Meteor mesmerizes Mid-Michigan, lights up night sky with a flash
(1/16/2018) - A bright blue and orange flash in the skies over Mid-Michigan grabbed everyone's attention Tuesday evening.
Just before 8:10 p.m., the flash lit up the night sky and caused a boom that could be seen and heard for miles.
Sightings were reported all around Metro Detroit, north of the Thumb and west to the Lansing area. Other sightings were reported in Ohio, Indiana and Wisconsin.
The U.S. Geological Survey confirmed the object was a meteor. It was centered over Lake St. Clair about 4.5 miles east of St. Clair Shores in Macomb County.
A sonic boom caused by the meteor screaming through the atmosphere faster than the speed of sound and then the object exploding sent off blast waves strong enough to trigger earthquake sensors in Southeast Michigan.
The meteor appeared to move generally in the north to south direction over the area. It started as a fireball and appeared to break apart just before it disappeared above the horizon.
The U.S. Department of Homeland Security reported that there was no evidence of any fragments crashing into the ground. It appears the entire object vaporized in the upper levels of the atmosphere.
Buddy Stark, the manager of Flint's Longway Planetarium, said the object likely was a meteor entering the atmosphere based on the speed it was moving in videos that captured the event.
"But then you see how quickly the shadows are moving from the light source in those videos demonstrates that the light source itself has to be moving pretty quickly, which tells you that's probably a meteor," he said.
Stark said the videos with a clear view of the sky as the object passed by definitely show a meteor.
He believes the object was a bollide type of meteor, which has a bright tail and some type of explosion at the end before it disappears.
"It has a bright trail and then enough of the forces as it comes down and hits the atmosphere enough of those upward forces from the atmosphere cause a lot of internal pressure. It explodes and you get a very bright flash at the end," Stark said.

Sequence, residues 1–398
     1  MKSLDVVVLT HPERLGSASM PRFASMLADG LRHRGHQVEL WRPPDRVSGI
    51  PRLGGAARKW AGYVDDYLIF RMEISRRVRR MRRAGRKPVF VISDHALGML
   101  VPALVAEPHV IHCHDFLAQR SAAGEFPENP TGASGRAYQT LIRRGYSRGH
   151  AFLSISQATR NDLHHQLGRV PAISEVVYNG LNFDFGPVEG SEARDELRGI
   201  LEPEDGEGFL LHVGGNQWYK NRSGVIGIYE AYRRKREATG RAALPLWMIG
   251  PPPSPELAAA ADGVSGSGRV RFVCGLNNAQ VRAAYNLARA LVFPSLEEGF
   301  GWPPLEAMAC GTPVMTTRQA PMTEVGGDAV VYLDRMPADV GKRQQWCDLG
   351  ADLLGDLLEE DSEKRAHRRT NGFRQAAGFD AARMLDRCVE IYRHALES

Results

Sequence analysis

He said the blue hues seen toward the beginning of the meteor's path likely were caused by the light bouncing off snow showers that were falling at the time. The orange toward the end was caused by the object exploding.
While very uncommon around Mid-Michigan, he said meteors entering the earth's atmosphere are are quite common -- possibly thousands every year.
"Most of them probably happen over the ocean. We have a lot of water on the planet, so you're not going to see those," Stark said. "Some of them might happen in the daytime, so you might hear it. But you might think it's some construction site somewhere. In the daytime you're not going to see the flash."
However, he pointed out most people who saw the meteor Tuesday night likely won't see another in their lifetime.
"You experienced a bit of history," Stark said. "It's a very unique thing."
Compared to other meteors that have been seen and heard over the past few years, Stark called this one rather mild. Some, including a meteor that exploded over Russia a few years ago, caused blast waves strong enough to shatter windows hundreds of miles away.
"That adds a whole other level of danger, because people go to the window to see what's happening and then the sonic boom hits," he said.
Stark believes the entire event likely took place fairly high in the atmosphere compared to some others, which explains why the boom wasn't heard all over and there were no reports of damage from the blast waves.
"Obviously much larger than a standard meteorite ... but not at all unheard of," he said.